"Since sexual violence is an isolating event, girded by shame and stigma, understanding that you're not alone and connecting with other survivors is alchemy, transmuting isolation into intimacy and connection."

This is something that Amita knows and understands well as a survivor herself.

"My childhood included a lot of violence from my father, including rape and other forms of domestic violence," says Amita. "Mandated reporting was imposed on me when I was 13 and it was largely unhelpful since the prosecutors threatened to incarcerate my mother for 'being complicit' in the violence I experienced, even though she was also abused by my father for years."

What helped them during this time was having the support of others.

"I'm grateful to have had a loving younger sister and a few really close friends, some of whom were also surviving child sexual abuse, though we didn't know how to talk about it at the time," Amita says.

"I'm also a queer, non-binary femme person living with complex post-traumatic stress disorder, and those identities have shaped a lot of my life experiences," they continue. "I'm really lucky to have an incredible partner and network of friends and family who love me."

"These realizations put me on the path of my life's work to end this violence quite early in life," they said.

Amita wants Mirror Memoirs to help build awareness of just how pervasive rape culture is. "One in four girls and one in six boys will be raped or sexually assaulted by the age of 18," Amita explains, "and the rates are even higher for vulnerable populations, such as gender non-conforming, disabled, deaf, unhoused, and institutionalized children." By sharing their stories, they're hoping to create change.

"Listening to stories is also a powerful way to build empathy, due to the mirror neurons in people's brains. This is, in part, why the project is called Mirror Memoirs."

So far, Mirror Memoirs has created an audio archive of BIPOC LGBTQI+ child sexual abuse survivors sharing their stories of survival and resilience that includes stories from 60 survivors across 50 states. This year, they plan to record another 15 stories, specifically of transgender and nonbinary people who survived child sexual abuse in a sport-related setting, with their partner organization, Athlete Ally.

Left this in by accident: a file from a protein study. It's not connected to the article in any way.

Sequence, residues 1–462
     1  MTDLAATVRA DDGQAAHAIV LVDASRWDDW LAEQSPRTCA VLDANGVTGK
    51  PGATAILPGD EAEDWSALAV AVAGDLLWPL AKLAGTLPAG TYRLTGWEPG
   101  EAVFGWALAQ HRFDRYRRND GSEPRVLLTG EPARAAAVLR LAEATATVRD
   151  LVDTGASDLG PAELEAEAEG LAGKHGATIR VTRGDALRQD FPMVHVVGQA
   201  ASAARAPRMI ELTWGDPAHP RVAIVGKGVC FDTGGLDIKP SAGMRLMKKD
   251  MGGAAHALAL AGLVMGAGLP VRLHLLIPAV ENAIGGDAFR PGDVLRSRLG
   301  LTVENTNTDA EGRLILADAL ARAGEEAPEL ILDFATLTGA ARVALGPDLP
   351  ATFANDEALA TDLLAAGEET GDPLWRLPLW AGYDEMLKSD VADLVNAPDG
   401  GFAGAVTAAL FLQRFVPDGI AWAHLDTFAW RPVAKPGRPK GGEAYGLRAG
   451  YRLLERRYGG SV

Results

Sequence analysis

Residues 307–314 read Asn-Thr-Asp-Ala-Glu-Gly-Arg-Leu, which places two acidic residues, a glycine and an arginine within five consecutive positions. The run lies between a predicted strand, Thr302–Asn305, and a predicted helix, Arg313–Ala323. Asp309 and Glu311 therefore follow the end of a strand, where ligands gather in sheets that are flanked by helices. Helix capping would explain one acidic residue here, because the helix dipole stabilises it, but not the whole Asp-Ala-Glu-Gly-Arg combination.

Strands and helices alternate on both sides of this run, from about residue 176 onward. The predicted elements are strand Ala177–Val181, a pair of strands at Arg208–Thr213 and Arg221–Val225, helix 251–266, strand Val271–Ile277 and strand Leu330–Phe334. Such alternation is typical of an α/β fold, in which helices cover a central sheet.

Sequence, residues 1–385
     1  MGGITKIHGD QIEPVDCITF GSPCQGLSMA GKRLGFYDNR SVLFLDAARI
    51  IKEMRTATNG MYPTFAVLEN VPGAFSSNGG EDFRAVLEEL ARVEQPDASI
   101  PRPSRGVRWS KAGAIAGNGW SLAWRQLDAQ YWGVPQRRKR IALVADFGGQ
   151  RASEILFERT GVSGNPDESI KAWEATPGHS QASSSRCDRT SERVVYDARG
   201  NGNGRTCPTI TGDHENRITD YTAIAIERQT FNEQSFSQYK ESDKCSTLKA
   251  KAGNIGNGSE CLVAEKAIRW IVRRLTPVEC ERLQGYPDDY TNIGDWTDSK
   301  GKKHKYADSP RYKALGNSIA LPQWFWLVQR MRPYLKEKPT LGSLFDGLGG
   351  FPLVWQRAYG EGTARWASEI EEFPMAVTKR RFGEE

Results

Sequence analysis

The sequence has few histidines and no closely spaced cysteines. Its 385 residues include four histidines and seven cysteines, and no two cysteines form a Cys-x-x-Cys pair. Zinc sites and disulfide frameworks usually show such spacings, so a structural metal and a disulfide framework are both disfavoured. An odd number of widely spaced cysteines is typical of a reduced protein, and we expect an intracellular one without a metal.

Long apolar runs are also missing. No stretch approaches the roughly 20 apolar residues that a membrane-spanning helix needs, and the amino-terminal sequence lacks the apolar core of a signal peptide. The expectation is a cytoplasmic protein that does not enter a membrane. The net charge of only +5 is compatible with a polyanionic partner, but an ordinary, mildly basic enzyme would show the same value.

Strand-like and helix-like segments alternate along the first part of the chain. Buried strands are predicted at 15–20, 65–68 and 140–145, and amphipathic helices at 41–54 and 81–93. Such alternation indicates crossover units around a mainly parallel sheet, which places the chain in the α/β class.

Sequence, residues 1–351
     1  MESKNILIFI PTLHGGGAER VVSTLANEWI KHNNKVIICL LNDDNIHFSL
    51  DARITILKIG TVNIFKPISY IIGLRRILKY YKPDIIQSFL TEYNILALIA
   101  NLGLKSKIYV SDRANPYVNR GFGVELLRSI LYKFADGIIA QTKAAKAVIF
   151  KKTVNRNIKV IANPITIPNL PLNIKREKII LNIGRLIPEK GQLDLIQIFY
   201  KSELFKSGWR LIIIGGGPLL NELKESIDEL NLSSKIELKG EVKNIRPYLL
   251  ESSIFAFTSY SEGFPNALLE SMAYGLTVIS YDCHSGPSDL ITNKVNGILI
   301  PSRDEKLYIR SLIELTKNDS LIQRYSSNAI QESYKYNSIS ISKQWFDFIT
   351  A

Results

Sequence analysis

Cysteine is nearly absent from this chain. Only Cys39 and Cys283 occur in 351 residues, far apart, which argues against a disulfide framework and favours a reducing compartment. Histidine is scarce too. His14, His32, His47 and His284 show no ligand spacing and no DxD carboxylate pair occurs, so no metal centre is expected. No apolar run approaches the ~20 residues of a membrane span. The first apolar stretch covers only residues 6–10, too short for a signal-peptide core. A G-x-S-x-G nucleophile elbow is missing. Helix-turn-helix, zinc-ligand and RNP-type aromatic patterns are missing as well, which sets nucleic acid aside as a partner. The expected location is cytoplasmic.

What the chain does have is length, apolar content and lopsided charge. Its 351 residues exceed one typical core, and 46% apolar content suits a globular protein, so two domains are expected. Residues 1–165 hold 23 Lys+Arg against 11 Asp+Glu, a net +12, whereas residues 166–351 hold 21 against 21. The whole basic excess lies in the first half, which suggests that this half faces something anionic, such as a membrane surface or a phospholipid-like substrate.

"This endeavor is in response to the more than 100 bills that have been proposed across at least 36 states in 2021 seeking to limit the rights of transgender and non-binary children to play sports and to receive gender-affirming medical care with the support of their parents and doctors," Amita says.

In 2017, Mirror Memoirs held its first gathering, which was attended by 31 people. Today, the organization is a fiscally sponsored, national nonprofit with two staff members, a board of 10 people, a leadership council of seven people, and 500 members nationally.

When the pandemic hit in 2020, they created a mutual aid fund for the LGBTQIA+ community of color and were able to raise a quarter-million dollars. They received 2,509 applications for assistance, and in the end, they decided to split the money evenly between each applicant.

While they're still using storytelling as the building block of their work, they're also engaging in policy and advocacy work, leadership development, and hosting monthly member meetings online.

For their work, Amita is one of Tory's Burch's Empowered Women. Their donation will go to Mirror Memoirs to help fund production costs for their new theater project, "Transmutation: A Ceremony," featuring four Black transgender, intersex, and non-binary women and femmes who live in California.

"I'm grateful to every single child sexual survivor who has ever disclosed their truth to me," Amita says. "I know another world is possible, and I know survivors will build it, together with all the people who love us."

To learn more about Tory Burch and Upworthy's Empowered Women program visit https://www.toryburch.com/empoweredwomen/. Nominate an inspiring woman in your community today!

Cipolla's graph with the benefits and losses that an individual causes to him or herself and causes to others.

Have you ever known someone who was educated, well-spoken and curious, but had a real knack for making terrible decisions and bringing others down with them? These people are perplexing because we're trained to see them as intelligent, but their lives are a total mess.

On the other hand, have you ever met someone who may not have a formal education or be the best with words, but they live wisely and their actions uplift themselves and others?

In 1976, Italian economist Carlo Cipolla wrote a tongue-in-cheek essay called "The Basic Laws of Human Stupidity" that provides a great framework for judging someone's real intelligence. Now, the term "stupid" isn't the most artful way of describing someone who lives unwisely, but in his essay Cipolla uses it in a lighthearted way.

Cipolla explains his theory of intelligence through five basic laws and a matrix that he believes applies to everyone.

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Images courtesy of Mark Storhaug & Kaiya Bates

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The experiences we have at school tend to stay with us throughout our lives. It's an impactful time where small acts of kindness, encouragement, and inspiration go a long way.

Schools, classrooms, and teachers that are welcoming and inclusive support students' development and help set them up for a positive and engaging path in life.

Here are three of our favorite everyday actions that are spreading kindness on campus in a big way:

Image courtesy of Mark Storhaug

1. Pickleball to Get Fifth Graders Moving

Mark Storhaug is a 5th grade teacher at Kingsley Elementary in Los Angeles, who wants to use pickleball to get his students "moving on the playground again after 15 months of being Zombies learning at home."